Mike and Libby's life has been happy, stable, and (mostly) trouble and pain-free. They consider themselves blessed, as they and their daughters have been healthy and safe. However, there have been a few difficult moments in their lives, including:
In 1988, Mike was in excellent physical condition: he'd been playing tennis, was into distance running, and was biking as well. He had taken up running and biking to increase his stamina, because he was losing some tennis matches he felt he should have won. On April 4, he went out in the late afternoon for a "fitness bike ride" on the canal bank near his home. He was well equipped, with large 10 speed bike, a quality helmet, riding gloves, and biking shoes. After riding some distance (he can't recall how much), he was almost home and was crossing one of the city streets that intersected the canal every few miles. Although it's unclear if he was riding or walking his bike across the (marked) cross-walk, he was hit by a car and thrown about 40 feet beyond the cross-walk. This fact obscured some of the "fault issues".
All traffic stopped on this busy street...but this was before people had cell phones, and the area wasn't "commercial". Remarkably, another driver had the presence of mind to turn around, go back to a nearby shopping center, and call 911 on a pay phone. Response to this call was fast, and the EMTs scraped Mike off the pavement and took him to a nearby hospital...where Mike would spend a month in the ICU and inpatient critical care.
Mike was taken to John C. Lincoln Hospital, and because he was carrying identification, Libby was contacted. She rushed to the hospital, and as she entered the E/R door saw a police car parked there with a man in handcuffs - he was the driver of the car that hit Mike. Libby didn't realize this as she entered to find Mike and see how badly he was injured.
She was able to find an attending doctor. Mike was unconscious and unresponsive, prompting the staff to run "coma scale" tests. Libby asked the doctor if Mike's condition was serious. He replied simply, "He could die." She was shocked...and scared.
Mike was in ICU, unconscious, for 8 days, and was then sent to a private room for basic recovery. He regained consciousness there, and it was the first time he was aware of his situation. He remembered going out for the bike ride and recalled crossing the street over the canal...nothing thereafter. At this time, he had a diagnosed serious head injury, broken ribs, broken left leg, and a crushed right shoulder. Due to the obvious pain and head trauma, Mike wasn't making any sense in conversation and was very confused.
Further examination of his head wound revealed a subdural hematoma (blood collecting in the brain), a condition which required surgery. This procedure, which involved drilling a hole in his head to drain the blood and relieve the growing pressure, was performed there. Afterward, he was forced to lie on his back, head in a device to restrict motion, for several days while normal brain fluid returned around his brain. During this time, he remained incoherent and confused. Also, after he was back in a "normal" bed, he was violent and hard to control, getting out of bed and trying to walk away from the hospital. The staff had to first restrain him in the bed and later put him in a "pen" constructed on the floor of his room. It was a horrible situation for a while. Fortunately, this hospital was close to home, and Libby could respond to many calls from the nurses when Mike was having difficulty with his situation.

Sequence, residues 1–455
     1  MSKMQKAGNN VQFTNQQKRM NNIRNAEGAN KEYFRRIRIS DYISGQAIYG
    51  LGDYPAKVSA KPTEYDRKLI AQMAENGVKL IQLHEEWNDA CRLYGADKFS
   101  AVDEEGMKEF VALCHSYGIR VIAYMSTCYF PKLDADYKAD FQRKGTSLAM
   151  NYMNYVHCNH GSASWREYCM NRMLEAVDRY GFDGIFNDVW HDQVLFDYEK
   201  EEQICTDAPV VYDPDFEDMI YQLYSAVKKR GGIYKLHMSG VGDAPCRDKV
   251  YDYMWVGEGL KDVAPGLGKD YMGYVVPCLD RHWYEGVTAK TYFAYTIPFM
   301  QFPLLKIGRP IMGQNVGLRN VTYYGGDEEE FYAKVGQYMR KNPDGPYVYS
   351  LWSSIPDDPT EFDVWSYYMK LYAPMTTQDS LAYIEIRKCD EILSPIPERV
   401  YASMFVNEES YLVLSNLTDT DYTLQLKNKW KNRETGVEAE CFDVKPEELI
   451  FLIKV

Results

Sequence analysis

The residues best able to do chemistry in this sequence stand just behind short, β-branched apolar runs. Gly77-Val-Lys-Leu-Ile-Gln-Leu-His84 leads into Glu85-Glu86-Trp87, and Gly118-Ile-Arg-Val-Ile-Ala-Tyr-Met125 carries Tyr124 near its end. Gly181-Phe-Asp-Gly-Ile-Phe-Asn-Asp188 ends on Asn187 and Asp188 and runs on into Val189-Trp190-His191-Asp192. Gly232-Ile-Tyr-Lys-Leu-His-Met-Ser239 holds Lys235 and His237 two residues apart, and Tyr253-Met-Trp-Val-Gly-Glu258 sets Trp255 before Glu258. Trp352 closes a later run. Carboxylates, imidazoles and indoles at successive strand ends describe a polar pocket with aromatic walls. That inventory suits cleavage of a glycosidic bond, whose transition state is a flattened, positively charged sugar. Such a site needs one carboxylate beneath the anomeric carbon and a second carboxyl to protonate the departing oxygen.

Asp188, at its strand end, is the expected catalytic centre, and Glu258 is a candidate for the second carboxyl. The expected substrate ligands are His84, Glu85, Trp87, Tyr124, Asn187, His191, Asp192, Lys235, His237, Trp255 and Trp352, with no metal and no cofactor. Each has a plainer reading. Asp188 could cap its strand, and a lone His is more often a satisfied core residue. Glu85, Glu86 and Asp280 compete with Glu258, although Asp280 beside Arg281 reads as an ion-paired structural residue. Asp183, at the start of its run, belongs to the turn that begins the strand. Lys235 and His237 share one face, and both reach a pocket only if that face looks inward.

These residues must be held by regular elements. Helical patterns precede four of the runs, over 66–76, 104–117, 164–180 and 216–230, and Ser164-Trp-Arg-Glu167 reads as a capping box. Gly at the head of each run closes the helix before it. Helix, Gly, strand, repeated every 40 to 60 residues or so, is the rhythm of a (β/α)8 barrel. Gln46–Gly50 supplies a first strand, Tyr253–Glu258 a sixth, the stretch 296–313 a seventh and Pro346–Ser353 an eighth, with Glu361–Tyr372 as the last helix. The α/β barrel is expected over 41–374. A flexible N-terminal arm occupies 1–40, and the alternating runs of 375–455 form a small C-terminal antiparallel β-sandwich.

After a couple of weeks, Mike calmed down and started to receive some physical, speech and language therapy. He was then able to receive visitors, who, when they came by, found him breaking down emotionally and crying. (Mike was to later learn that brain injuries often "amplify" emotions, which was certainly true in his case.) The physical therapy work was very painful, and the speech therapy showed he was still badly disabled. The hospital wasn't equipped to handle the many of his problems, so Mike was released to home recovery (whatever that meant...).
Libby was at a loss as to what to do for him. Friends offered advice. Most important was one Ann Wallack, who suggested a program at another nearby hospital: The Adult Day Hospital at a world-renowned facility, Barrow Neurological Institute. Although small and exclusive, Libby got help from Mike's employer, Honeywell-Bull, to cover the specialized treatment's costs. Mike had to be "interviewed" to qualify for entry, and after about 3 months at home he started the program. This turned out to be incredibly beneficial in his recovery, and it was probably a life-saver.
The Adult Day Hospital was, for Mike, a nearly 6 month activity. Every weekday, he would take a bus (he wasn't ready to drive for almost a year) downtown to the hospital where this special facility was, for a four hour session. The activities included neurological rehabilitation, physical therapy, cognitive training, and personal and group counselling. He and his family were required to attend weekly sessions with the ADH staff, so that they understood what was going on and how he was doing. His personal psychologist was Dr. George Prigatano, Founder and Director of the ADH. Mike's lead therapist was Dr. Pam Klonoff, who he initially found intimidating, but as time wore on he developed a good working relationship with her.
Mike's success with this program was very much due to an intense "competitiveness" he seemed to have to get better. In sessions he shared with another patient who was much younger, he showed remarkable desire to achieve "winning" results, a factor that drove both to succeed. For a frequent exercise called "Word Fluency", Mike would read a dictionary while travelling on the bus. Most activities there were scored, and Mike found an desire for achievement that he didn't know he had.